As I write this, it’s just before nine in the morning on Friday, December 25.
I’m sure that my children have been awake for at least a couple of hours. By now, they’ve likely torn gleefully through whatever Christmas presents were under the tree for them at my ex-wife’s house and are, I imagine, playing with them. My tween has probably finagled some screen time and is comparing notes, via text and SnapChat and FaceTime, on Christmas booty with his friends. I’m sure they’ve had some version of a festive breakfast, with lots of chocolate and with Christmas music on the playlist and Bailey’s in coffee for the grown-ups.
But the truth is, of course, that I don’t know exactly what’s going on this morning with my kids. Right now, I’m alone in my quiet house. Last night, I took myself to see an early showing of Sisters, the new Tina Fey and Amy Poehler movie. Today I’m writing, and puttering and I’m going to do some yoga. And then I’ll make a side dish and grab a bottle of wine and head over to my ex’s place for an early Christmas dinner with her and the kids. She timed the dinner so that I can take them afterwards to see a matinee of In the Heart of the Sea. The matinee is at least partly my influence: the long-standing traditions of Jews seeing movies on Christmas Day.
Last year at this time, Rachel and I had only just decided to separate. We hadn’t told the children. We just managed to get through Hanukkah and were enduring Christmas and a week-long visit from my mother-in-law. It was a scary, painful, confusing time. Surrounded by the trappings of two faiths’ worth of tradition, we knew that we were about to say goodbye to all that; to familiarity and to nuclear family.
“Bittersweet” is hardly sufficient to describe the mood. But maybe, somewhere in my private anguish over the end of my marriage, over the years of struggle and the hurt that goes along with the end of marriages, I could glimpse the possibility of new beginnings. I could imagine, just barely, a time when the holidays—when life in general—wouldn’t seem so fraught.
Mostly, though, I had to take it on faith that things would get better. I had to trust that time would help me to heal and ease the grief. I had to go through the motions of the holidays, try to remember that Rachel and I had—in the almost two decades we’d been together—managed to merge traditions and to find creative ways to celebrate holidays and festivals that recognized both our backgrounds. We did this with more and less grace—less as we grew further apart. And as our relationship deteriorated, we both, I’m sure, felt a stronger pull to the comfort of the traditions we grew up with, while resenting each other for not being more accommodating of them.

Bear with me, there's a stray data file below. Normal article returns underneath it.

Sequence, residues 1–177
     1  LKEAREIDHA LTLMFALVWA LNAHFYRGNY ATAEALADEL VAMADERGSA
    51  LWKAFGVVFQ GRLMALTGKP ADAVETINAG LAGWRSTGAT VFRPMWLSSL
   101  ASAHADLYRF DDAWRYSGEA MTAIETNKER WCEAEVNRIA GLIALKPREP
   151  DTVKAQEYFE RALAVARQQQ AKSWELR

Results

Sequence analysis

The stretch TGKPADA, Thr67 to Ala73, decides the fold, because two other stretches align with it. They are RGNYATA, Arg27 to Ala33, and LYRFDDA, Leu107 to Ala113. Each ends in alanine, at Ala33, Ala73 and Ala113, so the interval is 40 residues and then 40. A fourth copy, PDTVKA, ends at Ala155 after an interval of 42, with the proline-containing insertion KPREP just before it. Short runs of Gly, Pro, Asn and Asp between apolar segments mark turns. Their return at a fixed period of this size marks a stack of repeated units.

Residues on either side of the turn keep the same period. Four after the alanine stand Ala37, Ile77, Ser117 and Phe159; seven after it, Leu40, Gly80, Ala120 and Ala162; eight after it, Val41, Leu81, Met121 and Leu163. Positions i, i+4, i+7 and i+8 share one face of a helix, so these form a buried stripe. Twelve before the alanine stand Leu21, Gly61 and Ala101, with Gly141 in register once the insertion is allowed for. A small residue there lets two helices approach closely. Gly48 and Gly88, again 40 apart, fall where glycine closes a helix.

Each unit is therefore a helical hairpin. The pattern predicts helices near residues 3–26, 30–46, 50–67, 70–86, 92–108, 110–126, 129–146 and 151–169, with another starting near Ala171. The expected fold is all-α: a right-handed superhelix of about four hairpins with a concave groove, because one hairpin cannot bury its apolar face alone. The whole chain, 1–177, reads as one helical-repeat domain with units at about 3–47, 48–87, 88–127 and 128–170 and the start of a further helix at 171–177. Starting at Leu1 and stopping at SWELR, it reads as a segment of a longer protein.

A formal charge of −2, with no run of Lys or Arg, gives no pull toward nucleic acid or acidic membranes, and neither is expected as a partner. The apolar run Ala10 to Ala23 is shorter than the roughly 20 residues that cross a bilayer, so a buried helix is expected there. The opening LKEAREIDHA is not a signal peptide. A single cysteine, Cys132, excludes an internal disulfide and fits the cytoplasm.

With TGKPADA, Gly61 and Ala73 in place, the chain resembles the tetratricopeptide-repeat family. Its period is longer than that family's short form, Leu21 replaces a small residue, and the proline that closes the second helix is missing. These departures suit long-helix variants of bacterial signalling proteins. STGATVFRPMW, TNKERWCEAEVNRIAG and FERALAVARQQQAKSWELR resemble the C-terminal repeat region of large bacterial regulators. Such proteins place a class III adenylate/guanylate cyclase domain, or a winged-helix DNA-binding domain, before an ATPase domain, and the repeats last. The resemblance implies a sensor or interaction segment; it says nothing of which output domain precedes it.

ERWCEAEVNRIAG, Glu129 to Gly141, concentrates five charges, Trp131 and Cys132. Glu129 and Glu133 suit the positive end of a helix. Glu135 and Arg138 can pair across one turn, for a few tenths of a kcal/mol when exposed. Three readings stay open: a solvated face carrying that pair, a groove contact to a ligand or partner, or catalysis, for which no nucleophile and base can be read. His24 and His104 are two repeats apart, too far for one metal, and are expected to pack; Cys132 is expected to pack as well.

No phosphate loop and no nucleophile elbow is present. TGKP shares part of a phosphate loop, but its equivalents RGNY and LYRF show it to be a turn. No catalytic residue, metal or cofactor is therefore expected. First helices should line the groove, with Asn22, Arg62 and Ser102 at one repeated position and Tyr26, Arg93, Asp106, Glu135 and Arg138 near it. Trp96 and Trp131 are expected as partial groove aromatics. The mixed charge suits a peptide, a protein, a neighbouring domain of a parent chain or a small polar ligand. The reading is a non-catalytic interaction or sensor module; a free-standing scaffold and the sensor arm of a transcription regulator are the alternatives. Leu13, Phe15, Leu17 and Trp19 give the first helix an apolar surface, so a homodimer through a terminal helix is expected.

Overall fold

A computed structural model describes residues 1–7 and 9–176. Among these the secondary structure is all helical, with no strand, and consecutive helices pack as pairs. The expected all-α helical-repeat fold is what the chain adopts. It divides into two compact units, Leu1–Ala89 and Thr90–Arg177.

A year later, my birthday coincided with the fifth night of Hanukkah, and I threw my first real dinner party since Rachel moved out. I fried up four recipe’s worth of latkes (not enough, as it turned out), and celebrated surrounded by dear friends. The kids played dreidel and lit Hanukkah and birthday candles, and I basked in the glow of light, and made a resolution to entertain more. A few nights earlier, I’d taken the menorah over to Rachel’s house so that I could light candles with the boys on her nights with them—she graciously invited me to dinner. A few nights later, all four of us attended our synagogue’s annual Hanukkah party. And we had fun.
A year after Rachel and I separated, my family is only just beginning to rebuild our lives, to build new traditions. Some will stick, and others won’t. Even in two houses, though, we are still an interfaith family, and we will continue to navigate what that means to us as we go forward.
Today, I do miss my kids, but I am also happy to revel in my quiet house for the morning. I’m happy that Rachel has the Christmas tree she’s longed for. I’m looking forward to seeing my boys in a few hours, to turkey and stuffing and pumpkin pie and—let’s face it—Bailey’s. It might be slightly awkward, but chances are it will be a million times more joyful and peaceful than Christmas was a year ago. And for that, I am profoundly grateful.